While third-party anti-corruption due diligence has become a cottage industry in the past five years or so, many organizations still employ a fairly minimalist approach to vetting their intermediaries, focusing most if not all of their efforts on commissioned sales agents since they represent the greatest degree of risk. While for most companies placing their initial focus on agents is justified, many other categories of intermediaries also pose potential corruption liability. Companies would be well served by conducting an inventory of their business intermediaries so that they can categorize them based upon the relative bribery risk they may represent. Such categorization should include how long the intermediary has been in existence, whether its primary role is to engage with a specific government agency or state-owned company on behalf of its clients and whether any of its control persons were previously in senior roles within those agencies or SOEs.
Often overlooked in the group of intermediaries are service providers such as attorneys or accountants. And before the GlaxoSmithKline case, who would have thought that there was intermediary risk associated with travel agents? A critical success factor for understanding third-party risk is to identify the universe of business intermediaries and focus attention on what they do rather than what label is used to describe them. Often, entities working in a commissioned sales agent role are referred to as “consultants,” which could cause this category to be overlooked, especially if the third-party management program is sales agent-centric. A more useful approach is to focus on compensation, including whether the intermediary is paid as a percentage of a sale or on a contingency fee or success fee basis.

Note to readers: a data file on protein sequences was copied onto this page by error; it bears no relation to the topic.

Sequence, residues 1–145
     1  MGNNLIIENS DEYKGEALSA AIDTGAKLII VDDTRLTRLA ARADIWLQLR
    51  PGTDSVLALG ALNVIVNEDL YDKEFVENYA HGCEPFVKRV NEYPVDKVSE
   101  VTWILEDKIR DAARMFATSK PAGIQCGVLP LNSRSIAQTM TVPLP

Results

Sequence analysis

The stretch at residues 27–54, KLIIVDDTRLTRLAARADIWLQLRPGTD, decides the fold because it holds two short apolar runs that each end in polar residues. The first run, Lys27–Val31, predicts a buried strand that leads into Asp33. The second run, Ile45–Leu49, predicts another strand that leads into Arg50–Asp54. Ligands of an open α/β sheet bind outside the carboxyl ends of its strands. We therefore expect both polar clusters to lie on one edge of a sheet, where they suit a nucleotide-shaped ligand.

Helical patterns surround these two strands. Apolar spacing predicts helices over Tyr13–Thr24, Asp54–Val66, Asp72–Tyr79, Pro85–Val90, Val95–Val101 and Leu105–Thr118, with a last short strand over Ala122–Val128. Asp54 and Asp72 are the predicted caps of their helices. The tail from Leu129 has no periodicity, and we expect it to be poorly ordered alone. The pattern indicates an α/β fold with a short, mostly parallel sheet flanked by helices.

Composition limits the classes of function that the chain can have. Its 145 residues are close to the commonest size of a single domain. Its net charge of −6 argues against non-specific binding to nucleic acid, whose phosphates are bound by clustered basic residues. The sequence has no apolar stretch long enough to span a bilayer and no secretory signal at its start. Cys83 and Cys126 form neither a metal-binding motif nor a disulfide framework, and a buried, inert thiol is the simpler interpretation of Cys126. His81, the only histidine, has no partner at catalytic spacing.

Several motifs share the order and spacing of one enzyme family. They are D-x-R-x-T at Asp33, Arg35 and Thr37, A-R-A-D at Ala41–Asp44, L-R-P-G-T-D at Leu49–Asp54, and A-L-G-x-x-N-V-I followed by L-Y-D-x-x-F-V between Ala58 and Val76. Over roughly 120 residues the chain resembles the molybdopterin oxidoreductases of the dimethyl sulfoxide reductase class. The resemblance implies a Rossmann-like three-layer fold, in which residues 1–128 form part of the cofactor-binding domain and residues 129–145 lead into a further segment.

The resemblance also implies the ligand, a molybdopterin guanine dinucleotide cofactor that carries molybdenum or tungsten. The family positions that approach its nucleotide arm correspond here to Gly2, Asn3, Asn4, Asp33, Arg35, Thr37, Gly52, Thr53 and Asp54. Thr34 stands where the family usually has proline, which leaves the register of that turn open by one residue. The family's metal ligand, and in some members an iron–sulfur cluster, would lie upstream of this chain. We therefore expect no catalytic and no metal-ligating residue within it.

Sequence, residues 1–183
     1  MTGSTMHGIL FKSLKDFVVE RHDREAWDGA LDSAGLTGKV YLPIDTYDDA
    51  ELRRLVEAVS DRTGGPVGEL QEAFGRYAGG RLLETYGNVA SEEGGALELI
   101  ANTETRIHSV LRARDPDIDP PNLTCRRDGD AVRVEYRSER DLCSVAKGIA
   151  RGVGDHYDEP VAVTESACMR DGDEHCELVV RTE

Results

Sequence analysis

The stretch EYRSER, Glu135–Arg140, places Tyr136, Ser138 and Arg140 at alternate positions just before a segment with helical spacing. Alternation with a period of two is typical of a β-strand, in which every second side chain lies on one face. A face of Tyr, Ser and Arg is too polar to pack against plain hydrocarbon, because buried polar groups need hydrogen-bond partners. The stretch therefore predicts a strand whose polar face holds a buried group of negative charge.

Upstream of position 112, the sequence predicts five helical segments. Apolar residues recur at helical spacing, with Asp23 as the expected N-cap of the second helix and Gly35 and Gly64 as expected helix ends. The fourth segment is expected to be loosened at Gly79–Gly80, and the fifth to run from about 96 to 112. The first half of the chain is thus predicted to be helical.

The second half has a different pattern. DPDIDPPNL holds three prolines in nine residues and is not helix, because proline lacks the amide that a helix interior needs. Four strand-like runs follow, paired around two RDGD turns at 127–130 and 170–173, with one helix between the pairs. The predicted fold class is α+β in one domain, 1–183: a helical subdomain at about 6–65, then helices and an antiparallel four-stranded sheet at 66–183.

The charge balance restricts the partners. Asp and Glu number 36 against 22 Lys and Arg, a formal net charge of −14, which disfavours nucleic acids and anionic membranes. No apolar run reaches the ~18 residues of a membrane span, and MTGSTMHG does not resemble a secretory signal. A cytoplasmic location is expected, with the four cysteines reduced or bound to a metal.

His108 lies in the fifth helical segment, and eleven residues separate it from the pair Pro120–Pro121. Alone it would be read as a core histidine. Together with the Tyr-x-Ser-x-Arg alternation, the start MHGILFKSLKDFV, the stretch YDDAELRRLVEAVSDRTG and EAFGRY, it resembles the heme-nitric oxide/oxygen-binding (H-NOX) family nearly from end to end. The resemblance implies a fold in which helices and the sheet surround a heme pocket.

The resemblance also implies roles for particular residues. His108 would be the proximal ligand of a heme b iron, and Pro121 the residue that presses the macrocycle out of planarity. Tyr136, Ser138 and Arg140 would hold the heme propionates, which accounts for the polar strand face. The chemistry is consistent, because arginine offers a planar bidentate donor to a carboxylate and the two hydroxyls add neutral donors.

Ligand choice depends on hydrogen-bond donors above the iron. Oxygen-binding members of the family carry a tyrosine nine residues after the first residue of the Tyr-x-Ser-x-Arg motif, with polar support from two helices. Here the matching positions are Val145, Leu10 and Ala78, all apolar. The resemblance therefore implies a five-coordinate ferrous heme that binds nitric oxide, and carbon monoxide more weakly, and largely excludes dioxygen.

The OECD Foreign Bribery Report provides the latest evidence that foreign bribery remains pervasive, and enforcement outside of just a handful of OECD signatory countries ranges from infrequent to non-existent. It paints a vivid picture of corruption as global and spanning multiple industries, with bribe payers who are increasingly sophisticated in how and through whom they pay bribes and how they conceal their activity through a web of opaque legal entities in offshore safe havens.
The report should be required reading for anyone in compliance and for any company’s senior leadership. By studying the report and understanding the various ways that companies can trigger liability under the FCPA and other international anti-bribery statutes, companies can develop better anti-bribery controls and raise awareness across their organizations, through their sales and distribution channels and into their customer bases. By applying the lessons learned from the report and through their own experiences and tailoring their programs accordingly, companies will become less attractive to bribe takers, and unscrupulous third parties and employees may think twice before paying bribes if they think they are at risk of detection and prosecution.